Jun 082008
 

MSF advises crane sheave check

Following an accident on 22nd May, 2008, caused by the failure of sheaves to rotate, Marine Safety Forum has recommended  that chief engineers or other competent persons on vessels equipped with a model of Hydralift cranes and similar should check for any signs of wear that would indicate a potential failure of the sheaves to operate as designed.

MSF recommeds that these checks should be daily until the cause of the failure has been established by the crane manufacturer. Any defect found should be reported to the crane manufacturers.

All vessels with cranes that regularly operate Subsea should check sheave integrity and visibly check rotation of all sheaves and should be aware of how quickly a failure of this nature could occur particularly when operating with heave compensated systems.

In the incident the vessel crane was involved in operations where a 20t clump weight was suspended from the crane main hoist wire. The seabed depth of the field was in the region of 1600m. It is not known to what depth the crane was deployed at the time of failure though it is
believed there could have been in excess of 1400m of wire rope deployed.

The crane in operation was a Hydralift Offshore Pedestal Crane Articulated Box Job Active
Heave Compensated. Model OC3432KSCE-(40-150)-(30-11)(21)(10-32). Immediate investigation identified the failure point of the wire rope to have been at the second sheave of the knuckle boom.

Subsequent inspection of the sheave has identified significant damage that would be consistent with the sheave failing to rotate during the operation of the crane. The resultant wear on the wire rope is potentially the cause of the rope failing.

The crane was installed in 2006 has been in operation for no more than two years. At ther time of the accident it was operating with the heave compensation engaged at the time of the failure.

Adises MSF:

• All vessels that are operating cranes of the same model or similar should carry
out as soon as possible an inspection of crane sheaves to identify any signs of
wear that would indicate a potential failure of the sheaves to operate as
designed. This inspection should be carried out by the vessel Chief Engineer or
other competent person.

• These checks should be daily until the cause of the failure has been established
by the crane manufacturer. Any defect found should be reported to the crane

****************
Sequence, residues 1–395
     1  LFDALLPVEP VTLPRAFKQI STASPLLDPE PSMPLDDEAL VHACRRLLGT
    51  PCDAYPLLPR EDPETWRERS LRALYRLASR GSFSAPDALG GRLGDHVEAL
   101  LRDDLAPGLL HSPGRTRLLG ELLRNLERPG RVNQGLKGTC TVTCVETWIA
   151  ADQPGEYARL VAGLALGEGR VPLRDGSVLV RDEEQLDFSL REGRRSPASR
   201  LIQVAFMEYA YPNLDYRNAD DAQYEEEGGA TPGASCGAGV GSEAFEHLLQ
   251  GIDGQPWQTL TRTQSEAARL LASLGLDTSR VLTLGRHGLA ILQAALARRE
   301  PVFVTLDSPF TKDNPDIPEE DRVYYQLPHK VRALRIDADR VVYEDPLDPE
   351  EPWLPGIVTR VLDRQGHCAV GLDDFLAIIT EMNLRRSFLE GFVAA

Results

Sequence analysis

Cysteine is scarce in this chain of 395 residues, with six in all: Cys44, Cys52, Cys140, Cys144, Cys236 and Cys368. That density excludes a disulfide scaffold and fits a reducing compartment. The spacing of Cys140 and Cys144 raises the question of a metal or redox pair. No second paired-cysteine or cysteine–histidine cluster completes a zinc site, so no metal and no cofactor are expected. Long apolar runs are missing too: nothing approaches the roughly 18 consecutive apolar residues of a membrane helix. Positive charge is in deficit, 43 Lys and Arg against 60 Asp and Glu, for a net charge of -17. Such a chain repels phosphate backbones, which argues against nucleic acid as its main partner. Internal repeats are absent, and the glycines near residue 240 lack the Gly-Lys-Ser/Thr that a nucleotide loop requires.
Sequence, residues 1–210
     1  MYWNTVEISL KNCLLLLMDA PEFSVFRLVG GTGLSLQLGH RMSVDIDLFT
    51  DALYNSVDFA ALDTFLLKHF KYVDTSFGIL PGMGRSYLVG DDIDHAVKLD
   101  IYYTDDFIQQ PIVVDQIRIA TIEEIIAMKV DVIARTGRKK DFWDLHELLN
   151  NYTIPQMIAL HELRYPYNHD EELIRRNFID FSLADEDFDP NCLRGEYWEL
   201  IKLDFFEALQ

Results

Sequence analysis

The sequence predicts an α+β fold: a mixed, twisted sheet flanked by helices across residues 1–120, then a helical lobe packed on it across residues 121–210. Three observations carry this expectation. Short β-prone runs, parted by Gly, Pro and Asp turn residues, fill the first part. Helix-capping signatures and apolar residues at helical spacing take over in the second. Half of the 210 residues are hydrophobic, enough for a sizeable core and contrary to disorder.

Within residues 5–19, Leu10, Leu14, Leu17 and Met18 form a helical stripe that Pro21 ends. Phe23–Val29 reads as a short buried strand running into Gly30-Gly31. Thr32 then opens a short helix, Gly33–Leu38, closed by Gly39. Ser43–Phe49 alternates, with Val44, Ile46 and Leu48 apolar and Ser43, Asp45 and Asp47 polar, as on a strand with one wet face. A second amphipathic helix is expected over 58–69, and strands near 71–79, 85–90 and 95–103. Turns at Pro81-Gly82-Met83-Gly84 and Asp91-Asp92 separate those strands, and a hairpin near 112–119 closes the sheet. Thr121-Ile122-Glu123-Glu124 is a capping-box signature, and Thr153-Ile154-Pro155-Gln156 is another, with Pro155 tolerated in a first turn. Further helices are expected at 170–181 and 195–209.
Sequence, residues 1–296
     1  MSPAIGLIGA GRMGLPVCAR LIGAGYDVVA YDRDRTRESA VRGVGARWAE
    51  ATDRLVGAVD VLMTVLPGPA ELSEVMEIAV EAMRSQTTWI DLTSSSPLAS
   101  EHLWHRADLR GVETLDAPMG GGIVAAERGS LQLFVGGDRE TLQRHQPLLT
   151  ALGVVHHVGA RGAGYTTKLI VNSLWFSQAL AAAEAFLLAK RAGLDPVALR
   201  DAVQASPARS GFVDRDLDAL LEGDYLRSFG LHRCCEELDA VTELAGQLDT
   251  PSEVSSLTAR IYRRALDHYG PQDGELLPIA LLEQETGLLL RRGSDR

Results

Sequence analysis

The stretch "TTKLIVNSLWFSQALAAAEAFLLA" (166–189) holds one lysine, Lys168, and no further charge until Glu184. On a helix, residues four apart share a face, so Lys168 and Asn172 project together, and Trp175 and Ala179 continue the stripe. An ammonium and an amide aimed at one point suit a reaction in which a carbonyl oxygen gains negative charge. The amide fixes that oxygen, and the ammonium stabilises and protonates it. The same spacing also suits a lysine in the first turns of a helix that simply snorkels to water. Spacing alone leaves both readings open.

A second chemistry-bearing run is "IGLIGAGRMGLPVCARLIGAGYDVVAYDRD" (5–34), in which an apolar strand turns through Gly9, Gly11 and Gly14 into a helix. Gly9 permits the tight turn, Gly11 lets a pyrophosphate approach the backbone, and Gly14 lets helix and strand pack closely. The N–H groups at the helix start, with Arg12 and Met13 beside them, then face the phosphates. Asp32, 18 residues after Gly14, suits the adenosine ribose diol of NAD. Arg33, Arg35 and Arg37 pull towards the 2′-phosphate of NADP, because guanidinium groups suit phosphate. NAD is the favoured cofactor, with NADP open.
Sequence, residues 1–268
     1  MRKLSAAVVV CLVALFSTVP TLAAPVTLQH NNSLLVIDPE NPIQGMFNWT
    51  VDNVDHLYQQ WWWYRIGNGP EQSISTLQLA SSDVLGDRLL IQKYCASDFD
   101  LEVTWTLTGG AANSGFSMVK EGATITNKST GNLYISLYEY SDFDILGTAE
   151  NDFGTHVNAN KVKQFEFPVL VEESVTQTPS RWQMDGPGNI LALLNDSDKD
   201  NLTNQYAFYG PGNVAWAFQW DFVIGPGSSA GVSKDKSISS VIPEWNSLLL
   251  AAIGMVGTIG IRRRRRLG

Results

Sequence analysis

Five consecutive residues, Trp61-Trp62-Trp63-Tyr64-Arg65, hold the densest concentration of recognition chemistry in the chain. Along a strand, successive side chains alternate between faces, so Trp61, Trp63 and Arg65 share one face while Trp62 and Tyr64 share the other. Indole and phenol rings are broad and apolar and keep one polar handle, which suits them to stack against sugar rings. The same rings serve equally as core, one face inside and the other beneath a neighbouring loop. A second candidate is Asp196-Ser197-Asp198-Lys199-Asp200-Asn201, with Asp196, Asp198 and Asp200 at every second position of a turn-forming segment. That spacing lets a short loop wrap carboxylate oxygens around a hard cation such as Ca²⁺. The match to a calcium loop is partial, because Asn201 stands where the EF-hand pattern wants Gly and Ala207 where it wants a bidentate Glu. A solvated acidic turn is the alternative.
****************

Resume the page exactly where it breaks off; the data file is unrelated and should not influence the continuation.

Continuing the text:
manufacturers.

• All vessels with cranes that regularly operate Subsea should check sheave
integrity and visibly check rotation of all sheaves and should be aware of how
quickly a failure of this nature could occur particularly when operating with heave
compensated systems.

Source: MSF Safety Flash 08-24

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Sep 252007
 

MSF, Marine Safety Forum, has set up a work programme in response to the Bourbon Dolphin tragedy in April, 2007, to respond to industry concerns and actions raisedf by the Norwegian Maritime Directorate. A full enquiry is current underway by the NMD.

The Bourbon Dolphin, an Ulstein A102 Anchor Handling Tug Supply vessel capsized and sank during anchor-handling operations for the semi-submersible drilling platform Transocean Rather. According to report on the Marine Link websiteWhen the Bourbon Dolphin attempted to release the inner pin of the anchor, the chain ran free and caught the outer tow pin, which caused the boat to capsize. The emergency release was triggered, but did not perform as designed. Fifteen crew members were onboard, seven survived, three bodies were found, and five are still missing, thought to be trapped in the vessel.”

Only one member of the bridge team survived.

Pending release of a full report the NMD has released a series of measures for Norwegian-registered vessels intended to avoid similar incidents. Copies are available here.

Bourbon itself has established a fund of the families of those lost in the incident .

MSF will hold a workgroup review meeting in Aberdeen on 28 November 2007, preparatory to the MSF all members meeting on the 29th.